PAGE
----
massive data transfers at any given moment, so a low speed transmission would suffice. (Other
USB devices such as a camera or a mass storage device would often need to send large files,
which would require bulk transfers, a topic not covered in this lab.) Unlike earlier standards such
as PS/2, a USB keyboard does not send key press signals on its own. All USB devices send
information only when requested by the host. In order to receive key press signals promptly, the
host needs to constantly poll information from the keyboard. In this lab, after proper
configuration, ISP1362 will constantly send interrupt requests to the keyboard, and the keyboard
will respond with key press information in report descriptors. A descriptor simply means a data
structure in which the information is stored.
Table 1 shows the keyboard input report format (8 bytes). In this format, a maximum of 6
simultaneous key presses can be handled, but here we will assume only one key is pressed at a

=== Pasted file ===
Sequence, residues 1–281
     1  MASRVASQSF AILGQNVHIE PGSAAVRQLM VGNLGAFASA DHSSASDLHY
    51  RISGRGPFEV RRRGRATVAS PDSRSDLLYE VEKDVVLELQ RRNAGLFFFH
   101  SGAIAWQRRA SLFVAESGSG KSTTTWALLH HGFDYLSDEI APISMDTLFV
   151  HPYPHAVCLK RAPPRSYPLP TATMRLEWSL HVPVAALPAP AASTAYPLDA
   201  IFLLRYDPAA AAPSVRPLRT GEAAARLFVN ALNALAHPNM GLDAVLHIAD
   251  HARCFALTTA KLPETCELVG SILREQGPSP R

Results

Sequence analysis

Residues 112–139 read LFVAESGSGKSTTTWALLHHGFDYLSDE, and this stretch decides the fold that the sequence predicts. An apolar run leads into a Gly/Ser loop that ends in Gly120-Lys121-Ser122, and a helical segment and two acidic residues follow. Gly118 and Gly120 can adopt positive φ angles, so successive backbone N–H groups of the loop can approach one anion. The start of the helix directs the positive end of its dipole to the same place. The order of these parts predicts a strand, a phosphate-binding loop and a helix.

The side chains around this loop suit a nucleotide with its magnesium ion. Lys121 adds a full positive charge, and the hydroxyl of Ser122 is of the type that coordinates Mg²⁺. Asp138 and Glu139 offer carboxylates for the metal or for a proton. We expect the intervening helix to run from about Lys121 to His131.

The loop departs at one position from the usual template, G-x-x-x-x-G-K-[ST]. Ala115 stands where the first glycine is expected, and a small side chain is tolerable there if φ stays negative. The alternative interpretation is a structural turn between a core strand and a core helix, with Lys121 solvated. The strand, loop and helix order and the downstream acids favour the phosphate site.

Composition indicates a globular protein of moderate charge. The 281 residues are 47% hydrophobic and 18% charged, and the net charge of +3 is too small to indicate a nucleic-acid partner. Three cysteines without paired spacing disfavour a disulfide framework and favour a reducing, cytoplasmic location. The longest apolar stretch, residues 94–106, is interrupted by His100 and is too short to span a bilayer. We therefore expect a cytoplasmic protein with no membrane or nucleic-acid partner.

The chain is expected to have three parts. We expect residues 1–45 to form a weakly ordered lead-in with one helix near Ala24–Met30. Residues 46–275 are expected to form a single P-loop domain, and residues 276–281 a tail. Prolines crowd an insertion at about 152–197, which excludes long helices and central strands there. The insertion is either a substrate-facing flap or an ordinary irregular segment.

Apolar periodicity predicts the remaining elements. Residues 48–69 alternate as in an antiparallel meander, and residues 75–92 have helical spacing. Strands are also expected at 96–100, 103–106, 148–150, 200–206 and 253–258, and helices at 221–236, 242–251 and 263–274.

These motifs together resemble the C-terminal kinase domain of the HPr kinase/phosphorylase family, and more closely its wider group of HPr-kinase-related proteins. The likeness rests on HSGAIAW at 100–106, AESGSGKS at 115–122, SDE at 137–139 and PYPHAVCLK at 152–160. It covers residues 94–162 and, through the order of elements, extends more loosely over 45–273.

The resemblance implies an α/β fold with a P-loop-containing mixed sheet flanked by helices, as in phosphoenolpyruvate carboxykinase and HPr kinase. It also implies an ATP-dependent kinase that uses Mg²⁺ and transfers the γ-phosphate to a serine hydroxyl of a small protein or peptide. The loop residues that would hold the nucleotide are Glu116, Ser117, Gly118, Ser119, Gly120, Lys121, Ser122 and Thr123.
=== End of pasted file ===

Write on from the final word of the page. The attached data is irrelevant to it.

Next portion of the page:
time, which means we only need to look at the first key code. Each key code is an 8-bit hex
number. For example, the character A is represented by 0x04, B by 0x05, and so on. When the
key is not pressed, or is released, the key code will be 0x00 (No Event).
Byte Description
0 Modifiers Keys
1 Reserved
2 Keycode 1
3 Keycode 2
4 Keycode 3
5 Keycode 4
6 Keycode 5
7 Keycode 6
Table 1
A more detailed explanation of how the keyboard works (and all the key code
combinations) can be found in the INTRODUCTION TO USB AND EZ-OTG ON NIOS II
(IUQ). The USB 2.0 Specification and the HID Device Class Definition (refer to the ECE 385
course website) are two documents that define all the behavior of a USB keyboard.
How the VGA Monitor works
For detailed explanation on how the VGA monitor works, please refer to the lecture
slides and section 4.10 of the DE2-115 User Guide available on the ECE 385 website. Additional
information can also be found by doing a web search.